"Justice League": Exploring How Superman Returns (Again)
Comic Books, Film
Last Sunday, my daughter and I settled in to watch the final episodes of Young Justice and Green Lantern: The Animated Series while enjoying a leisurely breakfast. It’s become a bit of a tradition to catch up on the latest adventures of Razer & Aya (her favorite GL characters) and the newest twists and turns in Artemis and Aqualad’s dangerous subterfuge while munching on a bagel or some oatmeal. I’d been preparing her for quite a while for the unfortunate end of both of her favorite shows, so, after giving her the proverbial two-minute warning that after today, there will be no more new cartoons starring these characters, we fired up the DVR and clicked play.
We made it through Aya’s redemption and eventual demise rather well – better than I’d have expected, to be quite honest. She was a thrown a bit by Razer flying off into the stars in search of the love of his life, but she was able to accept that his story was one we’re unlikely to see since he’s a Red Lantern and the series is called Green Lantern. “Maybe we’ll get a Red Lantern and Aya series, daddy.” “Maybe, hon – you never know!” Now it was time for Young Justice.
A little background: My daughter adores this cartoon. She loves plenty of other shows – Sesame Street (still!!), My Little Pony, Teen Titans, Go! – but the junior Justice League, Artemis especially, have taken up permanent residence in her heart. She spent her own money on the super-fancy Artemis action figure – the only female character we could find in toy form – and she now stands watch over her bedroom. Most seven-year old girls want pretty princesses or Justing Bieber-themed birthday parties. My daughter insisted on a Young Justice cake, which required much Google image searching since the franchise seems to have never been licensed for party supplies. Simply put, she loves her superheroes, and the YJ kids are the best.
So, we sit back and enjoy the last stand of the heroes of Earth as they unite against the Reach, aided by the treacherous villains of the Light. My daughter responds to Artemis and Wally West’s romantic kiss in Paris with the requisite “BLECH!!!” She asks why Lex Luthor is helping Young Justice when he’s a bad guy. She forgets she has a mouthful of waffle for a full two minutes during Wally’s heroic death sequence, nearly tearing up when Artemis is told of his sacrifice.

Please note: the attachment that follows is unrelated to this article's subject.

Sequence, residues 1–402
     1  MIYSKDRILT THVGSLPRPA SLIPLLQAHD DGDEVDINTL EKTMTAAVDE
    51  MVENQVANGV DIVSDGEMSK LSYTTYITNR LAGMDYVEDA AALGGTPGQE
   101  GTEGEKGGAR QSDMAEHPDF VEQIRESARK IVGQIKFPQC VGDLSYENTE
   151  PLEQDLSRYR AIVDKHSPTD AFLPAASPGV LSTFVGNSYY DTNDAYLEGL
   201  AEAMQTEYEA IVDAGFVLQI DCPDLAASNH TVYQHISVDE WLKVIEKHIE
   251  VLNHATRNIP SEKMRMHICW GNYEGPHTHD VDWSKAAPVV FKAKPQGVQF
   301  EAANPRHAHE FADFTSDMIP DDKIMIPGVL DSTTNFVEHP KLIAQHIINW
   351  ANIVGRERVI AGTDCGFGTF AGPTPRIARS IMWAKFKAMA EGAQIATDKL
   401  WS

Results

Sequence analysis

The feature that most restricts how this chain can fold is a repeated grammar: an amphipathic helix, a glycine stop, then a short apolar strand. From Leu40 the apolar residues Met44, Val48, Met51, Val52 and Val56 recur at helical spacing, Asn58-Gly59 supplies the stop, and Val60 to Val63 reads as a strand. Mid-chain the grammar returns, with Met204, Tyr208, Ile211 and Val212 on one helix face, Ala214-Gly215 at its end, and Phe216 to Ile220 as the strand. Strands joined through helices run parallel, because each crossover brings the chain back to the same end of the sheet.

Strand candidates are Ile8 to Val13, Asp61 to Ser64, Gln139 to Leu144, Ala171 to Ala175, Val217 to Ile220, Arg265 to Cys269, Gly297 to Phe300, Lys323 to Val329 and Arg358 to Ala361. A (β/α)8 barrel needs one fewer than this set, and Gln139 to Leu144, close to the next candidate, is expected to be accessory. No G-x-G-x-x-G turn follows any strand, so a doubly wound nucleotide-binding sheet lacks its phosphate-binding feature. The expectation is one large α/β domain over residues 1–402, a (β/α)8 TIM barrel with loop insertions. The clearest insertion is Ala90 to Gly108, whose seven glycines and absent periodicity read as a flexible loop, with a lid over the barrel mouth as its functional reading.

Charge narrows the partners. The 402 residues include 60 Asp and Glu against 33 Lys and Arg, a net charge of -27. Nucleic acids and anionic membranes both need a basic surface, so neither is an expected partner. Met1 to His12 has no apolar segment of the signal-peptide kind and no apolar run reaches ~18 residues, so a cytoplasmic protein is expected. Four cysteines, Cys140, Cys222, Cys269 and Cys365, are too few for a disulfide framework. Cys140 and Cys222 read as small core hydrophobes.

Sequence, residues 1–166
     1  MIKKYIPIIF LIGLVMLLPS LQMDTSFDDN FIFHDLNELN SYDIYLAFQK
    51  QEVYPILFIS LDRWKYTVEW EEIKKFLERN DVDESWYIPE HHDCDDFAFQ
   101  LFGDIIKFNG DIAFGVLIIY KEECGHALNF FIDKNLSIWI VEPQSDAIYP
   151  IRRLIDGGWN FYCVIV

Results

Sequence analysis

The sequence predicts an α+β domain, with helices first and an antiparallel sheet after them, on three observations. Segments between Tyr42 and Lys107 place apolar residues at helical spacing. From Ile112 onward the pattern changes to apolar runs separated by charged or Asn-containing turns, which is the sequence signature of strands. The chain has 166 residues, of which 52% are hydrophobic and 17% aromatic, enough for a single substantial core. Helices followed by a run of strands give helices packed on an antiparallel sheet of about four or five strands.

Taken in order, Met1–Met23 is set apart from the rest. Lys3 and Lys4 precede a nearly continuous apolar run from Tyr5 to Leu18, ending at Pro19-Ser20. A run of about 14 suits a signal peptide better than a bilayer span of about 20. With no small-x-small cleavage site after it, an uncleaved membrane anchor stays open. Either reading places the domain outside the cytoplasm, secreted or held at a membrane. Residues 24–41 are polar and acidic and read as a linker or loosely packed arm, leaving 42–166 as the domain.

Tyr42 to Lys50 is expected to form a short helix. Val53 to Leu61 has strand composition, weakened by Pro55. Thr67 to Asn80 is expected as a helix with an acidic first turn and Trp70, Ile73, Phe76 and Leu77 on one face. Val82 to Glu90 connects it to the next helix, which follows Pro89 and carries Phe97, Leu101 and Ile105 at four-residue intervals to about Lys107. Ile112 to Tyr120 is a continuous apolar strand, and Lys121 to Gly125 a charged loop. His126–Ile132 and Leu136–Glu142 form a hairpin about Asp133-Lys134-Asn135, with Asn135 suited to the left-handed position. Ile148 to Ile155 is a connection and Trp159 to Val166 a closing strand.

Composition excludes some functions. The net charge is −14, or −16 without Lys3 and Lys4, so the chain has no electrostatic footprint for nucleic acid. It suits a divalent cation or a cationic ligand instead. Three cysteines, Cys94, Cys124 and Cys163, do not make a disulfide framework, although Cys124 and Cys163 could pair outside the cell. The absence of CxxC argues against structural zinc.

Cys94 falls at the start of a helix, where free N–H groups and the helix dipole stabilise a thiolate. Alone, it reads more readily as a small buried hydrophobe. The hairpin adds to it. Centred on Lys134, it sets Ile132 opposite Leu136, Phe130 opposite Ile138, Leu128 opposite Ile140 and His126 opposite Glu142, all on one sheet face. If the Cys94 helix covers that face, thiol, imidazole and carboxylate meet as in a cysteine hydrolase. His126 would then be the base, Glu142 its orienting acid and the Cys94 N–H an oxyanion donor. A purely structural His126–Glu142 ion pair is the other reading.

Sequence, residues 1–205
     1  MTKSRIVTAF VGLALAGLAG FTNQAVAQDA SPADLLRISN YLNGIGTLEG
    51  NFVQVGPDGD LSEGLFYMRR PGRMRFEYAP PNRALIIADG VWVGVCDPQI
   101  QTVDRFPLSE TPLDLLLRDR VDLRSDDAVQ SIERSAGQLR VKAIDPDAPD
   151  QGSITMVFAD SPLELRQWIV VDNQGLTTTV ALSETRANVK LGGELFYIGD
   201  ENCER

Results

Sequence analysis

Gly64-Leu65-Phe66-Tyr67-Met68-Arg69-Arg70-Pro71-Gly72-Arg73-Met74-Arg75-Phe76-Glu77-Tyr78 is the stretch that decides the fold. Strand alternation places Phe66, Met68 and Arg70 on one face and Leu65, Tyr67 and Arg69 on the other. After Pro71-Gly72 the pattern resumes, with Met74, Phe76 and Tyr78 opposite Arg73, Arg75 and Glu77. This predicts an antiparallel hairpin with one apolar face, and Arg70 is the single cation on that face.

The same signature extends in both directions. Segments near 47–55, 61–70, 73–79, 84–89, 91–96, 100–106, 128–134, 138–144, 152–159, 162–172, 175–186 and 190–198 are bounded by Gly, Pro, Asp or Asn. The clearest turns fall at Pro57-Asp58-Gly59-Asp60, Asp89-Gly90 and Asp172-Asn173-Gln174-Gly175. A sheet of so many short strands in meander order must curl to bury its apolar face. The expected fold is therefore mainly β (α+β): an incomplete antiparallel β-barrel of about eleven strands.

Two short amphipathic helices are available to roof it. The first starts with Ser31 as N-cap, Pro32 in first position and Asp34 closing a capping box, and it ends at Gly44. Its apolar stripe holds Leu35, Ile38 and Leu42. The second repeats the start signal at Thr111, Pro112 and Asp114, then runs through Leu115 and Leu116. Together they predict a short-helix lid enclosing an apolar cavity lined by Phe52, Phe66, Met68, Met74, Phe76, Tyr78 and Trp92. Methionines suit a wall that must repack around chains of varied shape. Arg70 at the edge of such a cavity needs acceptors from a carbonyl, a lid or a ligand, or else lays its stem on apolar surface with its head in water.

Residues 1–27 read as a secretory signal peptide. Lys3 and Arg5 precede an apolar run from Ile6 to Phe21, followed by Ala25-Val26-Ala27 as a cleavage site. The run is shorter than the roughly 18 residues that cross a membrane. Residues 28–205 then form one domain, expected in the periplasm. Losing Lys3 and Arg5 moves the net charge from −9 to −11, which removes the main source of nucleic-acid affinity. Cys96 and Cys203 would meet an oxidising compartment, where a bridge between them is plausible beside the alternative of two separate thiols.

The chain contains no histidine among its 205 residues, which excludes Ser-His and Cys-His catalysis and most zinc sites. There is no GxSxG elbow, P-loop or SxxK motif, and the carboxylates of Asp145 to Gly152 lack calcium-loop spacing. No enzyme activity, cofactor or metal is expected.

And then we come to the final scene, the big reveal that Vandal Savage has steered War World straight to the fiery pits of Apokalips to strike up an alliance with Darkseid. That’s when the wheels came off the bus.
“You’re wrong, daddy. This isn’t the last Young Justice.”
“I’m afraid it is, Sienny.”
“But that’s DARKSEID! They have to fight Darkseid! I saw him in my books. He’s a bad guy! And it said on the TV that it was a new episode!”
After explaining that the “All-New” bug in the corner of the screen was for the episode we just watched, a conversation that took several minutes because she was convinced – CONVINCED – that I was 110% wrong about the future of her “faaaaavrit” show, she eventually came around to the sad reality that Cartoon Network had taken it off the air.
“Can I write them a letter and ask them please, please, pleeeeease to make more?”
“Of course you can, hon. And yes, we can mail it to them.”
“Can you put it in the computer for them to see, too?”
Absolutely. So, here it is, Cartoon Network. A letter from my daughter, the biggest Young Justice fan I know.